“…the expectations of a Major are very different than those of a captain, and not everyone knows what these expectations are or the impact they have on personal and professional success.”
-MG(R) Tony Cucolo, “In Case You Didn’t Know It, Things Are Very Different Now: Part 1”
While attending the Command and General Staff College (CGSC), instructors and mentors constantly drove two points home. First, transitioning to the rank of Major and the expectations of a Field Grade Officer is a difficult and steep learning curve. Second, what made an officer successful at the company grade level does not necessarily translate to success as a Major.
I have been a combined arms battalion S3 for ten months now and during this period I’ve planned, resourced, and executed field training exercises, live fire events, gunneries, an NTC rotation, and spent enough hours on my Blackberry that I never want to see one again.
However, I can definitively say two things about my instructors’ advice: They weren’t kidding about either point … and they vastly downplayed both.
The transition to Major is less of a learning curve and more of a sheer cliff. There is less tolerance for officers who need to “grow into it,” and the expectation is you are value added on day one.
Finally, the room for mistakes grows smaller and smaller. What follows are the hard lessons I’ve learned either through personal shortcomings or watching peers fall by the wayside.
Failure #1: Believe Help is Coming
When things became supremely difficult or complex as a captain or lieutenant, we would often look for a field grade to give refined guidance and direction. The Major knows the answer.
They are the responsible adult in the room. The Major may get cranky and hand out a butt chewing, but they would bring resources to bear on the problem. They were help when we needed it.
As a Major, YOU are now that responsible adult who has the answers and can bring resources to bear. You ARE the help that’s coming.
There is no help coming for YOU. Majors are the Army’s problem solvers and workhorses. If a room of Majors looks around and cannot tell who among them is lead on an issue, then the issue is probably not being addressed.
Majors don’t get to look around and wonder who will solve the problem. They must own the problems as they appear and work with peers to solve them.
Failure #2: Burn Bridges and Fail to Cultivate and Maintain Relationships
Early on in my time as a BN S3 something went wrong during our FTX. A situation changed that was outside of my control and I blamed the brigade.
Over the phone, I got into a heated discussion with the BDE S3 and XO and lost my temper and composure.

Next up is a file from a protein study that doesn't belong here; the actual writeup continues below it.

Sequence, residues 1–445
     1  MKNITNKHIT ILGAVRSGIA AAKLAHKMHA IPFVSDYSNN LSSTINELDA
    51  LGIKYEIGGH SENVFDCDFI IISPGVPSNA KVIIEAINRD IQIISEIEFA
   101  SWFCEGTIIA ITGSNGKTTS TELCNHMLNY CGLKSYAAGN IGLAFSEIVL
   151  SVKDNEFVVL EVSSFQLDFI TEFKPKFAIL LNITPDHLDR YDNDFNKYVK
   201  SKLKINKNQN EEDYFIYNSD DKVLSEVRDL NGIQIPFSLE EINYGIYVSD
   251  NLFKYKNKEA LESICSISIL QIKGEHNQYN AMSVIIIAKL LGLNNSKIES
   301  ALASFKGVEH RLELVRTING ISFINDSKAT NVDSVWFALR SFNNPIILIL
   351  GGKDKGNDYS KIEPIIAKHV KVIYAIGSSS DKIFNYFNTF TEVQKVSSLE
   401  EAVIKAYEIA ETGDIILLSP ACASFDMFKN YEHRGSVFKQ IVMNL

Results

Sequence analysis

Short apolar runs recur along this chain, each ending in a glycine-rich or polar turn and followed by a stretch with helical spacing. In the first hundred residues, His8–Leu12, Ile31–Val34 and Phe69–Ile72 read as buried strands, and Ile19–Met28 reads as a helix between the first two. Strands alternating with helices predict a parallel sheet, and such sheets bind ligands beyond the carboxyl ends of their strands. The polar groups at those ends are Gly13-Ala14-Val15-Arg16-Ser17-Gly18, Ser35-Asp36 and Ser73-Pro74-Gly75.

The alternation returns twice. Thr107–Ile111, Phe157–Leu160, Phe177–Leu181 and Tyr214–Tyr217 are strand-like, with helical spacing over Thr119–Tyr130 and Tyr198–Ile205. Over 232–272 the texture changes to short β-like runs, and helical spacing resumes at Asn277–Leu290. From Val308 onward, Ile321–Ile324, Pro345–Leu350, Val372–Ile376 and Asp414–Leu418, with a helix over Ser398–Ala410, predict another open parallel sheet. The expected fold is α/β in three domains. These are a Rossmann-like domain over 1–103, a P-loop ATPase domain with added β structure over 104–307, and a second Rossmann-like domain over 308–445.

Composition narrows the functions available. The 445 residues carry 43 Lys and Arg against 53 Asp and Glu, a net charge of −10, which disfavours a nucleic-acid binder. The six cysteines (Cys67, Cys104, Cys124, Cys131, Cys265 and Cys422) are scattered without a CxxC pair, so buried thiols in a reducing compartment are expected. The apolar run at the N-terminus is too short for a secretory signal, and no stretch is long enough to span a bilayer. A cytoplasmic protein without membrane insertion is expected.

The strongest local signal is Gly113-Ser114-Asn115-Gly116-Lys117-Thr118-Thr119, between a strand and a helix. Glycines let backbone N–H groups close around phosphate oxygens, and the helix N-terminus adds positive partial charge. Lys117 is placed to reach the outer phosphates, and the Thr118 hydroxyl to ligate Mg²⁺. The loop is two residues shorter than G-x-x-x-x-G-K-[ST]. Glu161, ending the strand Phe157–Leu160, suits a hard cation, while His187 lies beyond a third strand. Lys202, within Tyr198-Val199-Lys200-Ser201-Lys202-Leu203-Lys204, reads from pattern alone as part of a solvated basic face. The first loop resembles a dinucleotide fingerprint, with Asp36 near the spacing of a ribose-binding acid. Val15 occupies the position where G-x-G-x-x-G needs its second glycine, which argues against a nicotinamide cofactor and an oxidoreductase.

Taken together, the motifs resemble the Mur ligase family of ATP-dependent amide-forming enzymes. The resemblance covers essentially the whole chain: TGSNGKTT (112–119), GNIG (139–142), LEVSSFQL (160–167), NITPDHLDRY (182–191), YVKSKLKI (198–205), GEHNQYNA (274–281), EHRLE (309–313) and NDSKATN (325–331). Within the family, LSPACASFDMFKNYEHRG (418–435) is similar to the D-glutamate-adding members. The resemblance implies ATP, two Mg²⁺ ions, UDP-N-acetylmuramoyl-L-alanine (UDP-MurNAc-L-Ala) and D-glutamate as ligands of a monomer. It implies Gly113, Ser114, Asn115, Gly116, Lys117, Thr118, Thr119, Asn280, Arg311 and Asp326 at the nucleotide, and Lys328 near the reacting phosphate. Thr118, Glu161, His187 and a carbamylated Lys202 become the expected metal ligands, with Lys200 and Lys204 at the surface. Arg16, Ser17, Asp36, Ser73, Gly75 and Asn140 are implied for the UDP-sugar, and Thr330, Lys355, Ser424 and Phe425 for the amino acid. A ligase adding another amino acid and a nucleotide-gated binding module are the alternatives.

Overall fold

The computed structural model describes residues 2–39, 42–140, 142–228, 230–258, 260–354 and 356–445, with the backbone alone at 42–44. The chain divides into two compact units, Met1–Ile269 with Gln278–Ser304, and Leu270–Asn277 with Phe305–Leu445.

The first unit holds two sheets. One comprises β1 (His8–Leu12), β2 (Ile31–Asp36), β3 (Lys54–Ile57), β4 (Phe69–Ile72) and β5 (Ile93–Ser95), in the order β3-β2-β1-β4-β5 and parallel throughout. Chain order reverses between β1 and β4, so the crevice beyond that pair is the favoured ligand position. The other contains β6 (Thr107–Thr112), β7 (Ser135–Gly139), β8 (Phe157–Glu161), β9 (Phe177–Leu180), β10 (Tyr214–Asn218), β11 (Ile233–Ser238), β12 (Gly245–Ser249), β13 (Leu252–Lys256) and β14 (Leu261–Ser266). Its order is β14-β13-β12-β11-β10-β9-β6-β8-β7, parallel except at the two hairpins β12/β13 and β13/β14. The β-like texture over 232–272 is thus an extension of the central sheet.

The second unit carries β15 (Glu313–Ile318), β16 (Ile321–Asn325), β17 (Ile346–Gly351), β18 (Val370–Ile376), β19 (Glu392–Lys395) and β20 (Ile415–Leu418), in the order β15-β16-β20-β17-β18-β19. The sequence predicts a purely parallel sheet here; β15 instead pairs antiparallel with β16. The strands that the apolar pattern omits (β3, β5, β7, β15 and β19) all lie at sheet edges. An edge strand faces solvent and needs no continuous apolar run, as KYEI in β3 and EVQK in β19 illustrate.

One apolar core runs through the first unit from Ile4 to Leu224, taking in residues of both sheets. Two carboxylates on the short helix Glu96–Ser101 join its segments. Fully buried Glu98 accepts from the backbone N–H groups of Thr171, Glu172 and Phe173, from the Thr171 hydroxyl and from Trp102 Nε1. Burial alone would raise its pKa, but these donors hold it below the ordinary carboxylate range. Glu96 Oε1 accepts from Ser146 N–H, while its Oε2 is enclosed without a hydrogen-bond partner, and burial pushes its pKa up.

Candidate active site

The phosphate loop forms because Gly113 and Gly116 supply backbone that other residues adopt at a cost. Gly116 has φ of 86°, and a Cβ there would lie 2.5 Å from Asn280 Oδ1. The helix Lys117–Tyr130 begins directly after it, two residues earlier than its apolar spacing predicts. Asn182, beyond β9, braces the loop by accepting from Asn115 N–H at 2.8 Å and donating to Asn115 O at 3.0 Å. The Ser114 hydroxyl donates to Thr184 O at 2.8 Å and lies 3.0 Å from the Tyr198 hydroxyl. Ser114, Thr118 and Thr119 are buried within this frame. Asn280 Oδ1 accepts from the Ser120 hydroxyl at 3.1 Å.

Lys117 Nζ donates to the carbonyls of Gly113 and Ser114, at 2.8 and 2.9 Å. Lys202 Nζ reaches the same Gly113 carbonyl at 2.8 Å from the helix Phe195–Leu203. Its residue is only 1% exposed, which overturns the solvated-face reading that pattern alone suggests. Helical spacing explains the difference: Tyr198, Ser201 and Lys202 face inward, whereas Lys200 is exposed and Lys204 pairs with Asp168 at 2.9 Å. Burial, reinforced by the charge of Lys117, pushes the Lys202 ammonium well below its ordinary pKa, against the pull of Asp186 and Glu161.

When I was done venting, the BDE S3 said something I will never forget: “Do you want to keep complaining or do you want to solve the problem?” Those words stuck with me. I apologized, we moved on, and we fixed the issue.
The argumentative Major, the one who picks fights, protects their own rice bowl, and never gives an inch will quickly find themselves isolated without a seat at the table.
In the end, their unit will suffer for it. Conversely, the Major is willing to give more than they take, willing to put the brigade’s success over what’s easier for their battalion and work well with peers to find solutions and compromises will succeed.
Leaders do not have time for personality conflicts, especially Majors.
The biggest power Majors have is that knowing where to look, who to call, and having a network of friends, peers, classmates, warrants, and NCOs that can be leveraged to solve problems.
Most problems in a brigade are solved by the S3s and XOs sitting around the table, developing a course of action, and moving out to attack the challenge at hand.
That requires well-cultivated and maintained relationships. More than anything, those relationships and connections are the most powerful resource at your disposal.
This is also the point in our careers where many of us will begin to regularly interact with DA Civilians. Do not forget about them.
The GS-14 serving as your Division Chief of Training could well be a retired LTC and former Battalion Commander. They have either been where you are now, or they have seen many in your position come and go, and they often serve as the long-term continuity in higher headquarters and support functions that are critical to your success.
Stop by and talk to your peers regularly. Take time to talk to DA Civilian, get away from email, and drop by offices.
Come to meetings early and stay a little after to talk to each other, even if it’s just letting each other vent for five mins. It will pay dividends when you need to move a mountain and get a short notice task done.
You cannot afford to have personality conflicts or fight with your peers. Ever. Period. Learn to swallow your pride and be the first one to apologize or mend a relationship after a heated exchange.
Failure #3: Confusing Leadership and Management
Leadership and management are not the same thing and are easily confused when assuming organizational level leadership for the first time.